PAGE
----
uploaded, but I didn't connect this with Graham's post. Sorry.

And as for the ifMUD - I've only visited the place once, during the
1997 XYZZY awards ceremony. I pay for internet access by the minute,
and connecting to a MUD from work would be too flagrant a breach of
the traditional Swedish Lutheran work ethics. :-)

Which is a pity, because I gather that most of the goings-on on
today's IF scene go on at the MUD, rather than in the newsgroups.

Andrew Plotkin

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Aug 24, 1999, 3:00:00 AM8/24/99
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In rec.arts.int-fiction Magnus Olsson <m...@bartlet.df.lth.se> wrote:
> And as for the ifMUD - I've only visited the place once, during the
> 1997 XYZZY awards ceremony. I pay for internet access by the minute,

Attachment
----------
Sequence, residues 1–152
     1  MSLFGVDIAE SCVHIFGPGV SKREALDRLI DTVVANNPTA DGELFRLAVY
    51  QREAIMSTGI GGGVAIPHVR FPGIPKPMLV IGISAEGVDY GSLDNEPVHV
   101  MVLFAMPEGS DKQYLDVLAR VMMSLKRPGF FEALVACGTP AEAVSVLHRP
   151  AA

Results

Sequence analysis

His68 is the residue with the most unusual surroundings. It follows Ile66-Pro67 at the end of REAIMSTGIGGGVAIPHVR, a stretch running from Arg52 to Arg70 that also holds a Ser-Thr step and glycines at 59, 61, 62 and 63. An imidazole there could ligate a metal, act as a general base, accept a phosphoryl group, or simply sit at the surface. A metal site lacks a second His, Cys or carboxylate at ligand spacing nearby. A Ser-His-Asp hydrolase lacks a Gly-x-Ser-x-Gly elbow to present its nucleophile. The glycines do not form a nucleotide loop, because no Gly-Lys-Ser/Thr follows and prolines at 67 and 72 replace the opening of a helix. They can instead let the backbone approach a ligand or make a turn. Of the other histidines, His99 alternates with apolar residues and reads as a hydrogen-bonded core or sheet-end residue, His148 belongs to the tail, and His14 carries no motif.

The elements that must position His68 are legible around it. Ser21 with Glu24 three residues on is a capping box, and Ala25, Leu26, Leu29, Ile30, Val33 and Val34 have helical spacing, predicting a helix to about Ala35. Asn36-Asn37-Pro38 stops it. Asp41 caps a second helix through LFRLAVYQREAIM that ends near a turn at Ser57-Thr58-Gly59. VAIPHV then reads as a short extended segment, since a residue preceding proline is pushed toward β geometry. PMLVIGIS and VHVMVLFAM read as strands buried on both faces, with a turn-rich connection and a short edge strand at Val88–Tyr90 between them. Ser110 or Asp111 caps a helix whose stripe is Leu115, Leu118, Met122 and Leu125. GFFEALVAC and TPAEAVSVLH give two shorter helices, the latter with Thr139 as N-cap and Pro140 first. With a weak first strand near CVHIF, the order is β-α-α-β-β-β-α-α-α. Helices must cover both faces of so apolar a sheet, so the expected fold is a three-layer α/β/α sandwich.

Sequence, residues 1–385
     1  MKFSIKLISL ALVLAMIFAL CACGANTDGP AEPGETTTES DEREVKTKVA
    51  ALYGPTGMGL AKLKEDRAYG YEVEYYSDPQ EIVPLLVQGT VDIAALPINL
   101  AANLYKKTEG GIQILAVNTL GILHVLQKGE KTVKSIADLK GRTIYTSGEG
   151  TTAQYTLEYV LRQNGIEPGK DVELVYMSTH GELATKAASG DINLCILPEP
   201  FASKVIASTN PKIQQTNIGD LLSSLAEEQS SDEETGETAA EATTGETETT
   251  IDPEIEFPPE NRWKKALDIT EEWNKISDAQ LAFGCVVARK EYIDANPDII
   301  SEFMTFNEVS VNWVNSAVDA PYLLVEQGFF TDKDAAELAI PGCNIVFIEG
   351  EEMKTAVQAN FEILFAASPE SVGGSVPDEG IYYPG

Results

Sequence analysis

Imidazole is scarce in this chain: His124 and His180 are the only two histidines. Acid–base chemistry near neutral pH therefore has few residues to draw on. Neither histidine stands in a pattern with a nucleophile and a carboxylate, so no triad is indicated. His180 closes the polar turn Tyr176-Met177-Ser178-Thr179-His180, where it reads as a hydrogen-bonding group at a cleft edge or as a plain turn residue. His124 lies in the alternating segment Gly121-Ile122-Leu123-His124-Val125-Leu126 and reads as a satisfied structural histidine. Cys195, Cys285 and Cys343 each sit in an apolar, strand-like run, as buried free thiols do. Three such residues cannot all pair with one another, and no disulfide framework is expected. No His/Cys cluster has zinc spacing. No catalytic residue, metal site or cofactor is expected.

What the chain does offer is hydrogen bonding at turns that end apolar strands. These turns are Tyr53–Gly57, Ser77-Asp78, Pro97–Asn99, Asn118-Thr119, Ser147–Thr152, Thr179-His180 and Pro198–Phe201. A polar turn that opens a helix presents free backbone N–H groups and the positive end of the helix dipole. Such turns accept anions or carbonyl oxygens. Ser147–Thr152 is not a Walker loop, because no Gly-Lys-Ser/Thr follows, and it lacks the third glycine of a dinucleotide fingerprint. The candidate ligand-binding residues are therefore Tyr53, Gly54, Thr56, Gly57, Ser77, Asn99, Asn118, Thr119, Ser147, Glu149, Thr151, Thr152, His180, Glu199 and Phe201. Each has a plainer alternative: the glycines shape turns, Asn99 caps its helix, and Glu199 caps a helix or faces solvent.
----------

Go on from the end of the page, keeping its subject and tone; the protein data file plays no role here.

> and connecting to a MUD from work would be too flagrant a breach of
> the traditional Swedish Lutheran work ethics. :-)
>
> Which is a pity, because I gather that most of the goings-on on
> today's IF scene go on at the MUD, rather than in the newsgroups.

Eh, not really. The MUD is a gossip center and font of random
conversation, among a group of people who are a *subset* of the RAIF
regulars. Most of the time we're not talking about IF at all.

(I'd recommend the Implementor's Lunches as an exception, but I've missed
every single one since the first. Sigh.)

If anything, I'd say that most of the goings-on in modern IF have moved to
our individual apartments, studies, and offices. The trend I see is that
people are implementing their ideas, instead of bringing them up on the
newsgroup for discussion.

--Z

"And Aholibamah bare Jeush, and Jaalam, and Korah: these were the
borogoves..."

Adam Atkinson

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Aug 24, 1999, 3:00:00 AM8/24/99
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On 24-Aug-99 17:28:46, Crispin Boylan said:

>Any chance of Kingdom Of Hamil, Quondam and Acheton itself?

The sources for Hamil, Murdac, Avon and Acheton still exist. I think
those for Spy do as well. Things look pretty bad for Hezarin, Quondam